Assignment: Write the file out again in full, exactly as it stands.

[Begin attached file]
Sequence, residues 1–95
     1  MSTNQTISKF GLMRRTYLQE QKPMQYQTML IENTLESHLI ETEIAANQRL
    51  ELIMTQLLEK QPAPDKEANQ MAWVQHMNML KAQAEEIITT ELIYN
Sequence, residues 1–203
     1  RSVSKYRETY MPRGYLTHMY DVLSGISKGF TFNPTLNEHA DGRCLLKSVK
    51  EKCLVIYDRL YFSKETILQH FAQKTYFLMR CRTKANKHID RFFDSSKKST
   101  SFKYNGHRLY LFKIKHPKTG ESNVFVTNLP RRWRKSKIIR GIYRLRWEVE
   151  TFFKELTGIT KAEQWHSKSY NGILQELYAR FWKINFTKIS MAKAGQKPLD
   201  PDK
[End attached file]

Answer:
Sequence, residues 1–95
     1  MSTNQTISKF GLMRRTYLQE QKPMQYQTML IENTLESHLI ETEIAANQRL
    51  ELIMTQLLEK QPAPDKEANQ MAWVQHMNML KAQAEEIITT ELIYN
Sequence, residues 1–203
     1  RSVSKYRETY MPRGYLTHMY DVLSGISKGF TFNPTLNEHA DGRCLLKSVK
    51  EKCLVIYDRL YFSKETILQH FAQKTYFLMR CRTKANKHID RFFDSSKKST
   101  SFKYNGHRLY LFKIKHPKTG ESNVFVTNLP RRWRKSKIIR GIYRLRWEVE
   151  TFFKELTGIT KAEQWHSKSY NGILQELYAR FWKINFTKIS MAKAGQKPLD
   201  PDK